is the killing of ant for no reason and the way over done digestive and bodily functions, from pyloric spasms on up really necessary?

Worse still (after the plot has thankfully quickened from breakfast to being old and "merging into traffic"),
a horrible interlude of imagined torture pretty much ruins the plot and character. ( )
  m.belljackson | Jan 18, 2021 |
In which a European in exile in 1964 manages to accurately convey the inner workings of those of us Antipodeans in 2012.

I've not yet seen the (apparently wonderful) film based on this book, which was probably a blessing, as I was able to approach it uninitiated. In a scant 150 pages, Isherwood details one mundane-yet-important day in the life of an English professor in the U.S. Digging deftly to the root of George's mind, Isherwood captures his moments of intelligence and pain, of arrogance, lust, self-loathing, confusion, alienation, connection, nostalgia, heartbreak, discovery. It's a taut little character study, which approaches a variety of '60s counter-culture/neo-romantic issues (social alienation, the rise of that loathsome word 'tolerance', man-made boundaries preventing connection), yet - because his focus is so clearly on George's character - Isherwood avoids that painfully on-the-nose attitude that so dates other writers of the era (if I cough Kerouac's name out of the corner of my mouth, will a thousand hipsters descend upon my house with torches and pitchforks?).

A beautiful little work. It worries me somewhat that I feel Isherwood has here predicted my future. And if not, all the better: he has allowed me an insight into a genuine mind. A complete human being laid bare in 150 pages. Perhaps the moral is to invite your neighbours over to dinner more often. Perhaps it's simply to say "yes" when asked. Or perhaps it is that we cannot expect any more. It's not the dinner, or the asking, or what we say when we're there, or even what we mean. It's about washing ourselves free of the rituals in which we drape our lives, or at least of questioning the rituals before we abandon ourselves to them. It's how we remove the past from its pedestal without removing its meaning. It's going forward knowing that, in some ways, everything we have learned is important to us, yet in other ways, we have learned nothing at all. ( )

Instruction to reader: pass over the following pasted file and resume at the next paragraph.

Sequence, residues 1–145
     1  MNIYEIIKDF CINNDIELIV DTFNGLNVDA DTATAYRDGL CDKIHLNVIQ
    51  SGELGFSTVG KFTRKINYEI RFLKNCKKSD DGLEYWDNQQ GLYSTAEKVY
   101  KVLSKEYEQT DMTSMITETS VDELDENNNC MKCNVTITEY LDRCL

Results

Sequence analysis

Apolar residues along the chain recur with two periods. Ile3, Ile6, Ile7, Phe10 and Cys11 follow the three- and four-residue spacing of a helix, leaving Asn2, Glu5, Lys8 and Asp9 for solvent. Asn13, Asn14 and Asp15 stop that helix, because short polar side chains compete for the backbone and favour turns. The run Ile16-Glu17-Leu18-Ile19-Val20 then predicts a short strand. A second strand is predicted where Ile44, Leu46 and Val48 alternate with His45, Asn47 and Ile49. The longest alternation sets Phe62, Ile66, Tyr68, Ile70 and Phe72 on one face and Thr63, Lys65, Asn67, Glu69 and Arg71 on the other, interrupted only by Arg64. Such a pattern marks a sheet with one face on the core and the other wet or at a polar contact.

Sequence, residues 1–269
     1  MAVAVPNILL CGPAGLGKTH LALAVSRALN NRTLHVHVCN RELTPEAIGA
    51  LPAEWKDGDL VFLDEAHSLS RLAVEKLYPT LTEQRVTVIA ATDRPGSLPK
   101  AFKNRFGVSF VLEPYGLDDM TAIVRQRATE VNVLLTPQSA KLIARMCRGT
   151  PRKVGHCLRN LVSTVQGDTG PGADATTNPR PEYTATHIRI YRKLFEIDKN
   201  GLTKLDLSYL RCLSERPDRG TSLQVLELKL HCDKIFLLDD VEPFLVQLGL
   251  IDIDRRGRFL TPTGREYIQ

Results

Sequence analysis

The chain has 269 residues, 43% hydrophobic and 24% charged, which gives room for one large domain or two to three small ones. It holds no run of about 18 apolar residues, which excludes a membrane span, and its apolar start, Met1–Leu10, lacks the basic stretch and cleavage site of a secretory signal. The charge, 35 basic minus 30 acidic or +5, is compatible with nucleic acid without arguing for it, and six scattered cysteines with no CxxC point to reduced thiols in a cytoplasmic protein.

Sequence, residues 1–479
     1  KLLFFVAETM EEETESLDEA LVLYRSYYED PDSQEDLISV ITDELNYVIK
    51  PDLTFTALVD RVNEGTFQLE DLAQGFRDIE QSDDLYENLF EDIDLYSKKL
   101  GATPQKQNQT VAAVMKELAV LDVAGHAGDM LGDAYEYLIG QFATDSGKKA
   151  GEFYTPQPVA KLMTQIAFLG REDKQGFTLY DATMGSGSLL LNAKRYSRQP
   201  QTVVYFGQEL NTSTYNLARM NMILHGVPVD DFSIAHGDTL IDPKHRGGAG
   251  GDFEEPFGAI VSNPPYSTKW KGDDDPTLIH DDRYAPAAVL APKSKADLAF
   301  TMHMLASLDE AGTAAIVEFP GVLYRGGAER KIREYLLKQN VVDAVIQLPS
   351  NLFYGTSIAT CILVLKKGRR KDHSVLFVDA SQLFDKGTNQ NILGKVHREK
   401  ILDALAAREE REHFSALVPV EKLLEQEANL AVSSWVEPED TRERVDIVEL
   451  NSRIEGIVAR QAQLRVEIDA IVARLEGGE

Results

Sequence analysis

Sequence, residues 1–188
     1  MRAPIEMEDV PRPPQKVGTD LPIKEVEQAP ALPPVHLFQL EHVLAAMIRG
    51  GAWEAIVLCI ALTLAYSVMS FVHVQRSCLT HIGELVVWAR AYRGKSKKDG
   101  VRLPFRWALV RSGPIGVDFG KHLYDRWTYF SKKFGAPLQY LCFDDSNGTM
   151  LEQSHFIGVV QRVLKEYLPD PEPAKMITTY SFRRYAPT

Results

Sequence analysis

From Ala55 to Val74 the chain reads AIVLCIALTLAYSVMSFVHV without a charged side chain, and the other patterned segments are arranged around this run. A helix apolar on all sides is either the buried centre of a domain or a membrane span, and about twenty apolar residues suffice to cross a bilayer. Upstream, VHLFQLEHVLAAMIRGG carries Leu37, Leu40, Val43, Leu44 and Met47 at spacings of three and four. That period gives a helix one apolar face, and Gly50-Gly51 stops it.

therebelprince | Nov 15, 2020 |
Glorious. Published in 1964 and far superior to most things I have read published since. Rich and creative in so many ways. Important messages about human dignity, difference and community. And, nearly 60 years later, also politically relevant in so many ways - especially in its critiques of liberalism:

Here is my brother's liberal voice about my sexual orientation :
“Nothing here that is wilfully vicious. All is due to heredity, early environment (shame on those possessive mothers, those sex-segregated British schools!), arrested development at puberty, and/or glands. Here we have a misfit, debarred forever from the best things of life, to be pitied, not blamed.”

Here is my sister's liberal voice on the same:
“So let us be understanding, shall we, and remember that, after all, there were the Greeks (though that was a bit different, because they were pagans rather than neurotics). Let us even go so far as to say that this kind of relationship can sometimes be almost beautiful - particularly if one of the parties is already dead; or, better yet, both. How dearly Mrs. Strunk would enjoy being sad about Jim."

Here is my voice, trying to reason and explain with an 'ignorant'-liberal disguise for what is really only a choice to enjoy the pleasure keeping others below:
“…but your book is wrong, Mrs. Strunk, says George, when it tells you that Jim is the substitute I found for a real son, a real kid brother, a real husband, a real wife. Jim wasn’t a substitute for anything. And there is no substitute for Jim, if you’ll forgive me saying so, anywhere.”

Here is a progressive argument against the liberal politics of civility and for the right of the oppressed to express anger:
“Do you think it makes people nasty to be loved? You know it doesn’t! Then why should it make them nice to be loathed? While you’re being persecuted, you hate what’s happening to you, you hate the people who are making it happen; you’re in a world of hate. Why, you wouldn’t recognise love if you met it!”